Why Dom Pérignon Is The Best Champagne In The World

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A unicorn bottle of the 1971 vintage
A unicorn bottle of the 1971 vintage

With the holidays looming on the horizon, it’s the ideal time to stock up on champagne. While the sparkling wine aisle at Bevmo is full of perfectly good options, from Schramsberg to Nicolas Feuillatte, if you want to serve the best Champagne around, you’ve got to pour Dom Pérignon. It’s hands down, no question asked, the creme de la creme. Sure, brands like Krug, Bollinger, and Ruinart are impressive, but nothing says celebration like a bottle of Dom. Recently I attended a decadent Dom Pérignon dinner where I had the chance to chat with Diego Meraviglia, the brand ambassador for the luxe bubble. The exclusive event was hosted by Louis Vuitton Moet Hennessy and Todd Zabelle at the private club Villa Taverna. While we nibbled caviar and blinis, succulent prawns and tomahawk veal chops—paired with Dom Pérignon P2 Vintage 2000, Dom Pérignon P3 Vintage 1983, and Dom Pérignon P2 Rosé Vintage 1996 respectively—Meraviglia gave me the inside scoop on what makes Dom so special.

Diego Meraviglia
Diego Meraviglia

It’s one of the most recognizable brands in the world.

“Forbes said that we are in the top 10 most influential brands in the world and by influential, they meant recognizable,” Meraviglia explains. “I had friends who were musicians in Nashville that were stone cold somber and they know exactly what Dom Pérignon is.”

It has a legendary legacy.

“Our wines are seen as some of the most unique, high-end, sought-after, revered, luxurious, collected, sold at auction—whatever word or phrase you’d like to utilize—we’re seen as the top champagne in the world. Why, is the question. We’ve achieved this, not through marketing, but through legacy,” Meraviglia says. “One thing that’s very important to understand from the get go, is that when you drink a glass of Dom Pérignon, whether you like it or not, the most important thing to remember is that you’re drinking history and history is a word that’s part of what we are.”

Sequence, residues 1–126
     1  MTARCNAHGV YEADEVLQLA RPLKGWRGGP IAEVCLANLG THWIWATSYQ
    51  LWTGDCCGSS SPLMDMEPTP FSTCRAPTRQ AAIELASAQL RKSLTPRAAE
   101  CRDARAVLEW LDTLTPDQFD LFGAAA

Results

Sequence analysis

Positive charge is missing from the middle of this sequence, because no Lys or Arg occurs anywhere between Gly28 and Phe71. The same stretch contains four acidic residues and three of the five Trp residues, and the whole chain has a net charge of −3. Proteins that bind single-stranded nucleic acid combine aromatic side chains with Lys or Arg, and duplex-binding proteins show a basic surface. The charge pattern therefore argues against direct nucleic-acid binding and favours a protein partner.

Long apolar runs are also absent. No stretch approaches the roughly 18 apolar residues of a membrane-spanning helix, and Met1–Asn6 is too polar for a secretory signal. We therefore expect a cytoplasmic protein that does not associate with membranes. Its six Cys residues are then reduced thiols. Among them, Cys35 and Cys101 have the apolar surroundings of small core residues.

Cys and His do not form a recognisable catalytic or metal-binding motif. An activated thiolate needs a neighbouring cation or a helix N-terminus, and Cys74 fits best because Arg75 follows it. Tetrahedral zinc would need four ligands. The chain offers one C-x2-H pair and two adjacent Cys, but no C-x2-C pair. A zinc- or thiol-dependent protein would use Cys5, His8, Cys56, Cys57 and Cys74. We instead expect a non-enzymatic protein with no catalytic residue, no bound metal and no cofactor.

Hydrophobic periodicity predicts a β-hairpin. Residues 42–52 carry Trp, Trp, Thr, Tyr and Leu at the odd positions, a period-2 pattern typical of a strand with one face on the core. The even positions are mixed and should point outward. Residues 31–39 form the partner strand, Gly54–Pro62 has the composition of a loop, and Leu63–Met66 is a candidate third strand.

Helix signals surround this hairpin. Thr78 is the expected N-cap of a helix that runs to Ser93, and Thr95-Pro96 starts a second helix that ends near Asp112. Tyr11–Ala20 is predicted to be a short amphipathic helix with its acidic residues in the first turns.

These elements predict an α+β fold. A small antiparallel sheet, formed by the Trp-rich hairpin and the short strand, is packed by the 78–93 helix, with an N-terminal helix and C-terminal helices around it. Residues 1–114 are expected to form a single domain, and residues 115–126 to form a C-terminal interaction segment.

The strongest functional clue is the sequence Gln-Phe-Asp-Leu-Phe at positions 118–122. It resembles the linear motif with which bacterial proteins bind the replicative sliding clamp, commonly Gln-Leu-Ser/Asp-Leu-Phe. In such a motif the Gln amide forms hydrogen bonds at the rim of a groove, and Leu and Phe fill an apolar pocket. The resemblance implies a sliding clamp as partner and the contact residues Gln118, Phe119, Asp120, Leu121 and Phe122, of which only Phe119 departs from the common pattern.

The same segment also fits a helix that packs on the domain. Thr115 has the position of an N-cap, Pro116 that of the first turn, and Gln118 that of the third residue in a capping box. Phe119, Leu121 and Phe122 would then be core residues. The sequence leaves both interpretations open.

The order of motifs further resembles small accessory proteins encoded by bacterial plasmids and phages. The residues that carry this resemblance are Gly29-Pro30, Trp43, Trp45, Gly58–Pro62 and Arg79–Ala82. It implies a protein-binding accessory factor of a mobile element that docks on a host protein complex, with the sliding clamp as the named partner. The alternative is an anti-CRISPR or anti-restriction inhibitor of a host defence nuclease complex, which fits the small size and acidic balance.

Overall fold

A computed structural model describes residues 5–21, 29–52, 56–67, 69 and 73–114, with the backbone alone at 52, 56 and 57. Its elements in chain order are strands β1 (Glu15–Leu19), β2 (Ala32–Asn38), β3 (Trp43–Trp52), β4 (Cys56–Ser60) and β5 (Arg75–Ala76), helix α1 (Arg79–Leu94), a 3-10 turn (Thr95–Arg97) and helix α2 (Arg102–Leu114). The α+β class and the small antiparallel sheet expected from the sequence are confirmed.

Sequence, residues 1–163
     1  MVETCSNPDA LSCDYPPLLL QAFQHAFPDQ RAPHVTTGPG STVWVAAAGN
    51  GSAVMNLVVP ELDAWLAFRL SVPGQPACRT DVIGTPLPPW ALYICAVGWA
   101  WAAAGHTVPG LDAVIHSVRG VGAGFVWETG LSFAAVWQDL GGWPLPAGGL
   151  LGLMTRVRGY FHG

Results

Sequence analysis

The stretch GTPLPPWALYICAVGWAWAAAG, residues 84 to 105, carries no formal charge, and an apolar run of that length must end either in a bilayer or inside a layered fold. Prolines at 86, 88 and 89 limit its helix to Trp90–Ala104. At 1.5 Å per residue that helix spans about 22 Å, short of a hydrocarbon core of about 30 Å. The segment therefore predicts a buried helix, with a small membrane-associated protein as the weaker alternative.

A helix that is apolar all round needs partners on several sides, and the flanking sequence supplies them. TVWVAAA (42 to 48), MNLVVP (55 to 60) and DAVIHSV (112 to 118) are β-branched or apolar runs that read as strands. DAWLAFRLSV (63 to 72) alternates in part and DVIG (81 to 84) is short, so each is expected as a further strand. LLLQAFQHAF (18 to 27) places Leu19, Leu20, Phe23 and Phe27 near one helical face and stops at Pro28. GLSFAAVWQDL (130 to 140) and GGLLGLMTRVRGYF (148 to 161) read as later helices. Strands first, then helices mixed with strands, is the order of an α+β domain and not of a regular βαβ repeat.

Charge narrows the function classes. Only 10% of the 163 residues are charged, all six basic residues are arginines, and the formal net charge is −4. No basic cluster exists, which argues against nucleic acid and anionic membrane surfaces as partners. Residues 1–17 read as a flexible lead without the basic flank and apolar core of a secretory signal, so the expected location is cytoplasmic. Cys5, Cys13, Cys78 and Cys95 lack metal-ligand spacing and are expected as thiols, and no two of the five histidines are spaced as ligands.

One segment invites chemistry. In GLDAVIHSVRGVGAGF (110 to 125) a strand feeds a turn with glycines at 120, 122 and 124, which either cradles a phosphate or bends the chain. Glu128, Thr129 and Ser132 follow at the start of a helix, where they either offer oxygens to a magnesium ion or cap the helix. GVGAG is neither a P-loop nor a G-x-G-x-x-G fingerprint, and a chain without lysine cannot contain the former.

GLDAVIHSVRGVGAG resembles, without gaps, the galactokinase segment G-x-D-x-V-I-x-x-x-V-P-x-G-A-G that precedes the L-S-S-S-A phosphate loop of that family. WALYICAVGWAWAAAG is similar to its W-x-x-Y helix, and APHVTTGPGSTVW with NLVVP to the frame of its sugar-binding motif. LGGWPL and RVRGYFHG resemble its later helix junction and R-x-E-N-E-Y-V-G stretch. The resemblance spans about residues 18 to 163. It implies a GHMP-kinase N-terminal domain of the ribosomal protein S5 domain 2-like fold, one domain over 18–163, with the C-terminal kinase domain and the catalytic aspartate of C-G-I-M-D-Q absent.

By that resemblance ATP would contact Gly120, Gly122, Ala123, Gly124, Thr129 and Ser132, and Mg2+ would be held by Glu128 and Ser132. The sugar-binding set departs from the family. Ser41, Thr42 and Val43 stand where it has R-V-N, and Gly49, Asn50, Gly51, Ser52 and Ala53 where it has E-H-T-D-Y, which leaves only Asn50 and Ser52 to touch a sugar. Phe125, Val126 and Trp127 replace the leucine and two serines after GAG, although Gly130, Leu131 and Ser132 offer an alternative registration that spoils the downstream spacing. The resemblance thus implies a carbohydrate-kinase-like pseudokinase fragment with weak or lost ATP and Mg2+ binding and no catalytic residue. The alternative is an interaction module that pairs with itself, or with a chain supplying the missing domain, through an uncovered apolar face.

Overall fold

The current release, the 2009 vintage, was poured during the cocktail portion of the dinner
The current release, the 2009 vintage, was poured during the cocktail portion of the dinner

It’s the only champagne that has a history director.

“If you go visit Dom Pérignon in champagne, it’s not party central, it’s not some industrial complex. It’s an Abbey. It’s a spiritual holy place, where one of our brand team members is a history director and her job is to study the history of what we are,” Meraviglia clarifies. “Where does the story start? 1668, that’s a long time ago.”

Its namesake, a monk named Dom Pierre Pérignon, is known for his significant contributions to the production and quality of sparkling wine in general.

“Dom stood for Dominas or father, so father Pérignon was a 32 year old priest who lived by the rule of St. Benedict, which is “ora et labora” in Latin. Pray and work. Eight hours of work, eight hours of prayer, eight hours of sleep and that was their life philosophy. Hard work, discipline, excellence, perfection.”

Sparkling rosé on ice
Sparkling rosé on ice

The brand owns the best vineyards in France for making Champagne.

“The vineyards that we have distinguish us. We have the best vineyard site in all of Champagne. We have the best fruit, Pinot Noir, Chardonnay, those two grapes from the best growing sites of Champagne.”

It’s always vintage Champagne.

“Other wineries, other brands make vintage editions, yes, but we are only vintage. We do nothing but vintage. Which means that if in that year, the fruit isn’t good enough, we don’t even make wine. 1997, no Dom Perignon made. 2007, no Dom Perignon made. If the fruit isn’t the best of the best of the best, we don’t make the wine.”

Cheers!
Cheers!

They have the time it takes to make the best quality sparklers.

“We have the luxury of time and the discipline of patience. Those are two things that really make all the difference, with why we are at the level that we are, as far as quality and recognition. No-one else in Champagne can afford to put in the amount of time that we put into making their wines. Moet behind us says, ‘Guys, you’re the crown jewel. Whatever you need to do to make the best that you can, do it. If you can’t do it that year, fine. Do it next year.’ There’s no pressure. There’s no commercial pressure.”

  

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